Although the majority held that these weapons fell outside the scope of the Second Amendment altogether, it also noted, as an “alternative basis,” that even if the amendment applied, the Maryland law would still be constitutional. Since the law does not “effectively disarm individuals or substantially affect their ability to defend themselves,” it would only be subject to intermediate scrutiny if the Second Amendment applied. And the law meets that level of scrutiny because it is “reasonably adapted to a substantial governmental interest.” Maryland, the majority explained, has a more than substantial interest in preventing its residents from being slaughtered by assault weapons. And the law reasonably targets those weapons that inflict the most violence in the shortest period of time.
The most striking part of Tuesday’s decision is a concurrence written by Judge J. Harvie Wilkinson III, a Reagan appointee. Wilkinson joined the majority opinion, but he wrote separately to express his discomfort with the gun lobby’s strategy of using the courts to increase access to dangerous firearms:
As Heller recognized, there is a balance to be struck here. While courts exist to protect individual rights, we are not the instruments of anyone’s political agenda, we are not empowered to court mass consequences we cannot predict, and we are not impaneled to add indefinitely to the growing list of subjects on which the states of our Union and the citizens of our country no longer have any meaningful say.
Wilkinson also criticized the dissenting judges, as well as the plaintiffs in this case, for attempting to take gun regulation out of democratic sphere almost entirely. His panegyric to judicial restraint with regard to Second Amendment interpretation is quite moving:
Disenfranchising the American people on this life and death subject would be the gravest and most serious of steps. It is their community, not ours. It is their safety, not ours. It is their lives, not ours. To say in the wake of so many mass shootings in so many localities across this country that the people themselves are now to be rendered newly powerless, that all they can do is stand by and watch as federal courts design their destiny—this would deliver a body blow to democracy as we have known it since the very founding of this nation.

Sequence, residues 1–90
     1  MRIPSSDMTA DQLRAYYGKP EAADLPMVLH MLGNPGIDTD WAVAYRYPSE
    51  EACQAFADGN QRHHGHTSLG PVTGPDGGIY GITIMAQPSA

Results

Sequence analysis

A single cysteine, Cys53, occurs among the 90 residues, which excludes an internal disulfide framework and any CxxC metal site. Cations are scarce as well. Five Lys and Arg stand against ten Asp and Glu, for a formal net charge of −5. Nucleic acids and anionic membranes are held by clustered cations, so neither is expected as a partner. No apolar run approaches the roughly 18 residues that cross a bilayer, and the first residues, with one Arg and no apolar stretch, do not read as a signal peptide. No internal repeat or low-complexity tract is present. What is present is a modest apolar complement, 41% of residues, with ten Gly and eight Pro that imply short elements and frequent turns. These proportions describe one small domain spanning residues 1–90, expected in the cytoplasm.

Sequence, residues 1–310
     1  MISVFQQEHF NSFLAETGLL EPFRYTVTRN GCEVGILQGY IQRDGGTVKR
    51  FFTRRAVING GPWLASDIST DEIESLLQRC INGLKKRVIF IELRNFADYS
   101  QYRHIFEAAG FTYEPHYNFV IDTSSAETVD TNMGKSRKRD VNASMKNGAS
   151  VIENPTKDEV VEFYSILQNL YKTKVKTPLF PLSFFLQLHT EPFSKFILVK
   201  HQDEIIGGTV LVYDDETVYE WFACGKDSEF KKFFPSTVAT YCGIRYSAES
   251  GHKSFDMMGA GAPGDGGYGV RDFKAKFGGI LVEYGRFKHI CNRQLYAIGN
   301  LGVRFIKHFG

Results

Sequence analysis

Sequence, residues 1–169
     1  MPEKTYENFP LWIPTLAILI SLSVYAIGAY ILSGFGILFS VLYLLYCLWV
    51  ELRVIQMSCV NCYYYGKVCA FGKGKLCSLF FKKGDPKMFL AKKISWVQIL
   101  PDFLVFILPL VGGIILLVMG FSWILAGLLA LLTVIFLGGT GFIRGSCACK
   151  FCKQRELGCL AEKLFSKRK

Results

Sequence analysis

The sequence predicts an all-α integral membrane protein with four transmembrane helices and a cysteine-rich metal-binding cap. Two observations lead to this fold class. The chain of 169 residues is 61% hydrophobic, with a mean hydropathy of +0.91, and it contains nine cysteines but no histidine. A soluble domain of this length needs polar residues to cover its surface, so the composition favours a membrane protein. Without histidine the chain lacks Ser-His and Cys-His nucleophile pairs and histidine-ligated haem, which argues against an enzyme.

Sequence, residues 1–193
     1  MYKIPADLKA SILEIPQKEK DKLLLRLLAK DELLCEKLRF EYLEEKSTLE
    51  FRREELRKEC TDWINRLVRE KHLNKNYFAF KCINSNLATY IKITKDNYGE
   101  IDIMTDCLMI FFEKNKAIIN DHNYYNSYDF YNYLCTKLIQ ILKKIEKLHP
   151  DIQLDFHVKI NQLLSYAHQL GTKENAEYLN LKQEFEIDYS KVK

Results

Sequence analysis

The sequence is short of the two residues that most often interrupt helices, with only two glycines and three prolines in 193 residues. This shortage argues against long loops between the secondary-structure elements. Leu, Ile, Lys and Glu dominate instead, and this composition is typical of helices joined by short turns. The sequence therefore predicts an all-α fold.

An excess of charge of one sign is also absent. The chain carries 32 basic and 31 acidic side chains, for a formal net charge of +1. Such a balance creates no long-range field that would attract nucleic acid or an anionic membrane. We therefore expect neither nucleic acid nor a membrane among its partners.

In urging us to strike this legislation, appellants would impair the ability of government to act prophylactically. More and more under appellants’ view, preventive statutory action is to be judicially forbidden and we must bide our time until another tragedy is inflicted or irretrievable human damage has once more been done. Leaving the question of assault weapons bans to legislative competence preserves the latitude that representative governments enjoy in responding to changes in facts on the ground. Constitutionalizing this critical issue will place it in a freeze frame which only the Supreme Court itself could alter. The choice is ultimately one of flexibility versus rigidity, and beyond that, of whether conduct that has visited such communal bereavement across America will be left to the communal processes of democracy for resolution.
Both Wilkinson’s concurrence and the majority decision are refreshing in their fact-based analysis and grounding in real-world experience. Pro-gun judges often discuss the Second Amendment as an abstract, intellectual font of liberty. But after the Newtown shooting, Maryland legislators did not see liberty in assault weapons, they saw carnage. In response, the legislature strived to keep those weapons out of the state for fear of further bloodshed. The 4th Circuit was correct to let Maryland’s law stand and resist attempts to remove gun control from the democratic process altogether.